Britain's Ministry of Defence was facing questions after it admitted that British jets were flying in the region of west Mosul where a coalition air strike is feared to have killed more than 100 civilians fleeing Isil.
A spokesman said the RAF was providing "close air support" to ground forces in the city, where on March 17 a US-led air strike destroyed several buildings in the al-Jadidah area.
The MoD refused to confirm whether British jets were directly involved in the strike, but said they had seen "no evidence" of causing civilian deaths.
"As operations to liberate western Mosul and Raqqa intensify, the RAF continues to provide precision close-air support to ground forces engaged in difficult urban combat," the spokesman said.
"We conduct detailed assessments after each strike and review information from organisations such as Airwars and we have not seen evidence that we have been responsible for civilian casualties so far. Through our rigorous targeting processes we will continue to seek to minimise the risk of civilian casualties, but that risk can never be removed entirely."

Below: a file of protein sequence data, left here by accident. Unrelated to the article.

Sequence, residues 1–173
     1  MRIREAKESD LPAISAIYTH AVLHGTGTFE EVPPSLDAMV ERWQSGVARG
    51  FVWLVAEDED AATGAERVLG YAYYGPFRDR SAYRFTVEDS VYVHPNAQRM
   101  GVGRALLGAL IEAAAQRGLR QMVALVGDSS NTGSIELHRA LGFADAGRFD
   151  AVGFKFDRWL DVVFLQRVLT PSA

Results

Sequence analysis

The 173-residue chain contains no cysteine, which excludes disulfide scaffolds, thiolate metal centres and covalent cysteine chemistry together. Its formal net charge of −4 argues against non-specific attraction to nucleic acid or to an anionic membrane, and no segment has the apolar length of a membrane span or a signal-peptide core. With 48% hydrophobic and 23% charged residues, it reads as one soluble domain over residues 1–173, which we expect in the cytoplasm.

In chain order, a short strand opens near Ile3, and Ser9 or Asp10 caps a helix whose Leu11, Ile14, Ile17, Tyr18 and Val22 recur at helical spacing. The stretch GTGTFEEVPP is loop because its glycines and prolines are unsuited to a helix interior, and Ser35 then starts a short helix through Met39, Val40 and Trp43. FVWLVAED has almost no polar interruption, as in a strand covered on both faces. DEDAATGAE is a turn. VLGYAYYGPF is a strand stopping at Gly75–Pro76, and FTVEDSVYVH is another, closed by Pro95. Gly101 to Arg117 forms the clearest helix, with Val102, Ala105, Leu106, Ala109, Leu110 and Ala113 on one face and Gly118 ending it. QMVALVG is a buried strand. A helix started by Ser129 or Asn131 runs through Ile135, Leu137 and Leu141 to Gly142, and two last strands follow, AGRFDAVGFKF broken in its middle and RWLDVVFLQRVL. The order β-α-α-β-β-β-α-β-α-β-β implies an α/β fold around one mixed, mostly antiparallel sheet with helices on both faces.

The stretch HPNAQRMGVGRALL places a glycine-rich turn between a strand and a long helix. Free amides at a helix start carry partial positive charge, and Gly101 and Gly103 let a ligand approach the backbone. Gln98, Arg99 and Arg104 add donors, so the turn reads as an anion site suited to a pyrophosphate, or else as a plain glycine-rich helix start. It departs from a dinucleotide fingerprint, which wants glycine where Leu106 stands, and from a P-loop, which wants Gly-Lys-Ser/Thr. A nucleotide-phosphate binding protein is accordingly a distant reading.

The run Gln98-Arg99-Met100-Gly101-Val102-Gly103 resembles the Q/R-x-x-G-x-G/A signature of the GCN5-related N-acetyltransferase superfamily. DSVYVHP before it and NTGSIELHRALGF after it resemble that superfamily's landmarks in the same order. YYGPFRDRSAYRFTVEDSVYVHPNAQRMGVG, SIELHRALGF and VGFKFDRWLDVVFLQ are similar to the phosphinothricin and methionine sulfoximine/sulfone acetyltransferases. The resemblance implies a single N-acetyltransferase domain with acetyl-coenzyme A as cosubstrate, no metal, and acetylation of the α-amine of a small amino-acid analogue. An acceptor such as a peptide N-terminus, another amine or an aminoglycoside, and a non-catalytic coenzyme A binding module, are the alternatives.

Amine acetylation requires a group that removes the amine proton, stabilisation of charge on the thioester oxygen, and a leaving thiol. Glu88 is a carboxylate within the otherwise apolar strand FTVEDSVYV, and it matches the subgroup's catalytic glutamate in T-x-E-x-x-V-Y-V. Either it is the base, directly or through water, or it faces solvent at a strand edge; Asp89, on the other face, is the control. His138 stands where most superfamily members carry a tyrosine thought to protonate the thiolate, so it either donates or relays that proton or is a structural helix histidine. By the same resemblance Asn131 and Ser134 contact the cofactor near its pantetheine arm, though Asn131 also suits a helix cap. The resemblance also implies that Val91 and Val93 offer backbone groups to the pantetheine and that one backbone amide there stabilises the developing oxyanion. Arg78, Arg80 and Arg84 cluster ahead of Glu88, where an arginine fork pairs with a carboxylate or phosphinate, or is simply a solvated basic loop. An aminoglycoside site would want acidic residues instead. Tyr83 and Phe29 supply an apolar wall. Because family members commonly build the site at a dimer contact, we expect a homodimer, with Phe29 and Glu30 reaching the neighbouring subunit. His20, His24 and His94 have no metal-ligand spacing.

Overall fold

The MoD issued the response after Iraqi officials denied claims that more than 100 civilian deaths in Mosul were caused by an air strike by the US-led coalition.
The coalition has confirmed that its aircraft attacked fighters from Isis (Islamic State) in al-Jadidah, at Iraq's request.
It added in a statement that it took every allegation of civilian deaths seriously and that Iraqi forces have been committed to protecting civilians in the advance on the militant stronghold of Mosul.
US Brigadier General Matthew Isler, Deputy Commanding General Operation Inherent Resolve, said he could not provide details of the military investigation into civilian deaths in western Mosul on March 17.
Iraq's military said that 61 bodies were recovered from a collapsed building that Isis had booby-trapped.
It also cited witnesses saying that militants had forced residents inside basements to use them as shields.
It added that there was no sign of an air strike against a "destroyed" house where the casualties were thought to have taken cover.
However, bystanders in Mosul spoke of carnage in the immediate aftermath of the blast, with more than 50 bodies being dug out from beneath one home.
The World Health Organisation has confirmed at least 100 deaths, which contradict the Iraqi Government's figures.
Bashar al-Kiki, head of the provincial council for Nineveh, of which Mosul is the capital, said "dozens" of bodies were still buried in the city.
If the deaths are found to have been a result of an air strike, it would be one of the deadliest coalition attacks on -civilians in recent history.